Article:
Quantitative aspects of bioconversions in the testes of the African catfish (Clarias gariepinus) were studied in vitro by incubation of tissue with [3H]pregnenolone or [3H]androstenedione. During the breeding period, spawning and non-spawning animals were collected from their natural habitat, the Hula nature reserve, in northern Israel. In the same period, non-spawning animals were collected from a fish pond in the same region. It was shown that spawning was accompanied by significant changes in steroid bioconversions, i.e. a reduction in androgen synthesis, especially of 11β-hydroxyandrostenedione and 11β-hydroxytestosterone and an increase in the production of C21-steroids, especially progesterone, 17α-hydroxyprogesterone and a pregnenolone ester. These changes resulted from a decreased contribution of the cytochrome P-450 enzymes 17α-hydroxylase, C17–20-lyase and 11β-hydroxylase. A rise in plasma gonadotrophin concentration was observed only in spawning catfish. In the absence of such an increase in plasma gonadotrophin, steroid synthesis in the testes of non-spawning feral and pond catfish was primarily directed towards the production of 11-oxygenated androgens and 5β-pregnane-3α,17α,20α-triol. It is suggested that spawning is induced by gonadotrophin and the ensuing change in steroidogenesis. It is possible that husbandry conditions inhibit the necessary increase in gonadotrophin release.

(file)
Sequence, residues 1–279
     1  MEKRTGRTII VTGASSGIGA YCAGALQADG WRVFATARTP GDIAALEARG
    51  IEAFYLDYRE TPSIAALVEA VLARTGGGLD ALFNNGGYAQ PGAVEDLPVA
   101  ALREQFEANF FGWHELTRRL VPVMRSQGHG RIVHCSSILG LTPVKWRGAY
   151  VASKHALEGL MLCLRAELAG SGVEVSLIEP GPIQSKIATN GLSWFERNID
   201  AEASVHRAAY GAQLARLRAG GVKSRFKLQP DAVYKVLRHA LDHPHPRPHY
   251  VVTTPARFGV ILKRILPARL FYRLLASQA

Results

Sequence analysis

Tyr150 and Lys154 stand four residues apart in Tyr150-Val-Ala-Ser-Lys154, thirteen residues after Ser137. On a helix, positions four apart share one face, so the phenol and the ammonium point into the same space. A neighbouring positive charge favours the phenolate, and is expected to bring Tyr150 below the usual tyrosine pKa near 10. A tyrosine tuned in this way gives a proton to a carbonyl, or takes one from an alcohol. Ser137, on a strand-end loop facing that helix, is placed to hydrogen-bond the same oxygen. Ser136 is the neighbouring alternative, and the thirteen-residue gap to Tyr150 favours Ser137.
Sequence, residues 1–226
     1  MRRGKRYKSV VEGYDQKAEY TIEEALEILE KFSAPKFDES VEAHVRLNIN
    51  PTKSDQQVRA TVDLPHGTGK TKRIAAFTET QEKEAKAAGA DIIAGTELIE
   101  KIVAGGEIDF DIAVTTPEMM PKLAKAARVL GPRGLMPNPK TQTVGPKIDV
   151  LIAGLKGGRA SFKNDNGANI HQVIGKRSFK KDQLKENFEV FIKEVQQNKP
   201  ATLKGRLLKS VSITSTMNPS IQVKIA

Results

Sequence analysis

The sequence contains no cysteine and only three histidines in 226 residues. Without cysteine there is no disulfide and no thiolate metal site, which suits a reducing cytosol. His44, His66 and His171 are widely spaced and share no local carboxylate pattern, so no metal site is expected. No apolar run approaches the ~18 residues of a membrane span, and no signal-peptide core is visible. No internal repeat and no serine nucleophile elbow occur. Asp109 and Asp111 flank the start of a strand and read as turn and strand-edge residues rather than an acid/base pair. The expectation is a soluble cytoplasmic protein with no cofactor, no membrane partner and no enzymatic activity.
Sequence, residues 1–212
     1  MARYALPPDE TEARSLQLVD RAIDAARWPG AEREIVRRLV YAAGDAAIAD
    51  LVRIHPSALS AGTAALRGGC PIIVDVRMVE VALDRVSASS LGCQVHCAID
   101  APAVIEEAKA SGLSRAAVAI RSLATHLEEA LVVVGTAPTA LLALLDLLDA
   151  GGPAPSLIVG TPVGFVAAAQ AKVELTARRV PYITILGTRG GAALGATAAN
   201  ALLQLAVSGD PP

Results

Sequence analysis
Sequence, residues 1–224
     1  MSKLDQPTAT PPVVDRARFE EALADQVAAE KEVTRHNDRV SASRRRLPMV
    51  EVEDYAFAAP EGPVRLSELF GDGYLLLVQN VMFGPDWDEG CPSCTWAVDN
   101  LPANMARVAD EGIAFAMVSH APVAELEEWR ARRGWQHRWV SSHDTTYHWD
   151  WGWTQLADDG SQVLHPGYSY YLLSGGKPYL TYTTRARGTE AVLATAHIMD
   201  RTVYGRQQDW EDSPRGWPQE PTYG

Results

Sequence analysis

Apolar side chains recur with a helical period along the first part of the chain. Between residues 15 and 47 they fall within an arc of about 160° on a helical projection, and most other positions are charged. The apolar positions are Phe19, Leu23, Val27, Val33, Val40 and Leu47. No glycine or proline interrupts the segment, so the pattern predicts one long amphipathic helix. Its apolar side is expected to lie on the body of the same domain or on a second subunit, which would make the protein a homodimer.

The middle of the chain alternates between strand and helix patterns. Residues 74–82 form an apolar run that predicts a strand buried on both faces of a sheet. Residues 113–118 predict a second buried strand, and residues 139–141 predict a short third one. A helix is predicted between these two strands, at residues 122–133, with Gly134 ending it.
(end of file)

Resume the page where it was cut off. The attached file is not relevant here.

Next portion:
J. Endocr. (1987) 112, 323–332